musicality matters most!
“What is very important is to remember that the aim is not to play guitar, it’s to play music.”
~ Pierre Bensusan
Pierre Bensusan is an acoustic artist with few peers. He respects technique, of course, but regards it as necessary vocabulary and tools with which to find the – the story in the music. This is how he writes. It’s also how he teaches. If you get the chance, experience him up close during his 2017 tour.
Favorite Guitar: Lowden
Touring: Watch him
Heros: Paco de Lucia, Egberto Gismonti.George Benson, John McLaughlin, Ralph Towner, Jimi Hendrix
AL What’s the most important thing about playing and writing?
PB What is very important is to remember people that the aim is not to play guitar, it’s to play music. So it’s not because you know how to play guitar that you’re going to know how to write music, those are two different things.
AL Do you value being praised for your “musicality” more than technical virtuosity?
PB Absolutely! Who cares about someone technically brilliant? In fact, what you see is not the technique, especially if you have your eyes closed, and you listen, you don’t need to see, your eyes become your ears. So the technique, we need a lot of technique, it’s like vocabulary. We need a lot vocabulary in order to express ourselves, to express an opinion, the mind, to go deep into-to being precise about what you feel, what you want to transmit.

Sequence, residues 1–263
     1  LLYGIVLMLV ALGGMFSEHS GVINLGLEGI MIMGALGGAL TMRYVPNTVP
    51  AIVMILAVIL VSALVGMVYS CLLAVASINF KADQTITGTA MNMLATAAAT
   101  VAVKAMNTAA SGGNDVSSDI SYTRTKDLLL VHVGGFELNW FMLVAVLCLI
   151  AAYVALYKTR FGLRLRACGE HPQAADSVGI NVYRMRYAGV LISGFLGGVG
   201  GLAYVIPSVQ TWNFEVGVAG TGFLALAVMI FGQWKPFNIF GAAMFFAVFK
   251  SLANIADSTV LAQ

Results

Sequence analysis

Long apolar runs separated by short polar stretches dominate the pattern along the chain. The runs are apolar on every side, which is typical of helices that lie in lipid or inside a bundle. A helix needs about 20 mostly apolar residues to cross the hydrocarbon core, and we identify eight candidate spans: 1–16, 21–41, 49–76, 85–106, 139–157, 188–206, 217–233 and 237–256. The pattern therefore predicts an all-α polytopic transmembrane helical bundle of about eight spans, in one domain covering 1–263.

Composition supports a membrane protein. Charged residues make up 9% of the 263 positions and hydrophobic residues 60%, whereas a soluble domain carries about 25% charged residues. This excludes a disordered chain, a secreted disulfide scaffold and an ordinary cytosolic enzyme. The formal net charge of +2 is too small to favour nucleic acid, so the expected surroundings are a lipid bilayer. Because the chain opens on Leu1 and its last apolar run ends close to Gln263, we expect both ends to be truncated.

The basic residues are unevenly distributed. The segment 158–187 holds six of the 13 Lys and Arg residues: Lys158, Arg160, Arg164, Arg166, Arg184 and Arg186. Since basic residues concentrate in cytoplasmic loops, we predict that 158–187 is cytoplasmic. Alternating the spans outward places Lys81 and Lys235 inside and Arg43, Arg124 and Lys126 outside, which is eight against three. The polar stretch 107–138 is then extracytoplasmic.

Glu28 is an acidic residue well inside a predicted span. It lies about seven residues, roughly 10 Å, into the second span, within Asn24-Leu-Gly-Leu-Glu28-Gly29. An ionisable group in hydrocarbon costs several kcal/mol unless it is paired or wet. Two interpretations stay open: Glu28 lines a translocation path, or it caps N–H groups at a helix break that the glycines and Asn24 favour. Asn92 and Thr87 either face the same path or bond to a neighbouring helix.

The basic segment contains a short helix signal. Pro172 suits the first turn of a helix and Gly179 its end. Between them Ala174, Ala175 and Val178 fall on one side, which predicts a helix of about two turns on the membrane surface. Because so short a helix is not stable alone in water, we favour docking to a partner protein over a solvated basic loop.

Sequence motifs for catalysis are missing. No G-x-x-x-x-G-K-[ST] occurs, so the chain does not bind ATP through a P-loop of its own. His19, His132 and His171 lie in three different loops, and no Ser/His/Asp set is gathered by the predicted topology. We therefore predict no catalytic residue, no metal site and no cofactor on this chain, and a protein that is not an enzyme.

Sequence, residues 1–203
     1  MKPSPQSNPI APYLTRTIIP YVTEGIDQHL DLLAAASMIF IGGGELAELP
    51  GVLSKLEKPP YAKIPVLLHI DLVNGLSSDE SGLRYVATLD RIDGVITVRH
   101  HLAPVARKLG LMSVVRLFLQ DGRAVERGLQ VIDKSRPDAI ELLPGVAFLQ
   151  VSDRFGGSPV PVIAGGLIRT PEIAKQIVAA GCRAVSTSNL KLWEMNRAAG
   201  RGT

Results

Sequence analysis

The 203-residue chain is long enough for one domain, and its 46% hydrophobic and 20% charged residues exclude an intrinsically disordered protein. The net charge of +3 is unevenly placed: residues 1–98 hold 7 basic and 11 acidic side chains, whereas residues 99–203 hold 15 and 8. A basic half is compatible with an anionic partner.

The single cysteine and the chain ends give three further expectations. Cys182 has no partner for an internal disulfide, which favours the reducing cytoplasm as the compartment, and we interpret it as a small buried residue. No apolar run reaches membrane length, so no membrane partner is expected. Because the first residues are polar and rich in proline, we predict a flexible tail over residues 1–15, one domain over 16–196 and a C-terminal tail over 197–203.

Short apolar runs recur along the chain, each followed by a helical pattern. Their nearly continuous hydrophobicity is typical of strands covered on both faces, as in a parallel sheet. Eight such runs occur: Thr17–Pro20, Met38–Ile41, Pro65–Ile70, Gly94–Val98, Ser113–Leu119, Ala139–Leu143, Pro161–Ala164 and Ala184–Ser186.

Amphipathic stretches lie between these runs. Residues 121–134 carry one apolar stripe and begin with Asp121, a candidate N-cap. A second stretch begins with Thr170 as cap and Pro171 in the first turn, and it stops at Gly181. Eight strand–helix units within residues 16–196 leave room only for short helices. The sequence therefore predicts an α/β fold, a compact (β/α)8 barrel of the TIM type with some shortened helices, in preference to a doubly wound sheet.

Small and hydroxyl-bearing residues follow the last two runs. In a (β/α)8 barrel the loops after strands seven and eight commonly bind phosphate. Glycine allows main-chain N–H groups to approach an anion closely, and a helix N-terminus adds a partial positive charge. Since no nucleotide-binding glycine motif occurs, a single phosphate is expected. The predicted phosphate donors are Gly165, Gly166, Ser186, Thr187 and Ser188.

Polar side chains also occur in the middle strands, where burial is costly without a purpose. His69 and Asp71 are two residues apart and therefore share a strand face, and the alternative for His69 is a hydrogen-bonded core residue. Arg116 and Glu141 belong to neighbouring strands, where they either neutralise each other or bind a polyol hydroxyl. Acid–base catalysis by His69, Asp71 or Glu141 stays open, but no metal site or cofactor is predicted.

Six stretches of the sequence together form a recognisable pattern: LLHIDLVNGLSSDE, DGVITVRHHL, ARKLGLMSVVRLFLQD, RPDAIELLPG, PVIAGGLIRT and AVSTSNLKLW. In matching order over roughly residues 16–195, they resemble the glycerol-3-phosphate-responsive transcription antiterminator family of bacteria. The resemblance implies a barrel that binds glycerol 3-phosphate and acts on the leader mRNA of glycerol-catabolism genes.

You try to solve an issue, and you work in order to resolve it, and you create the new word in your vocabulary of technique. And so the technique is only there to help you to transcend something that you want to express. The thing is, anytime, in order for the technique to be in yourself, you need to repeat it, you need to work your physical memory, your audio memory, until you have it inside, and you forgot that it’s inside, but the music will remember where to go, to take it, if it needs it, yeah?
AL If you could choose three songs to introduce your music, what would they be?
PB “So Long Michael” and “The Alchemist” from my live record called “Encore”. Those versions are live and I prefer them to the studio versions. And the one called “Feeding the Birds”, where I whistle as well and I use a loop. I don’t use a loop anymore, but at that time I used a loop to record a chord progression and then I was playing a solo on top of it.
AL You speak with great passion about your approach to teaching.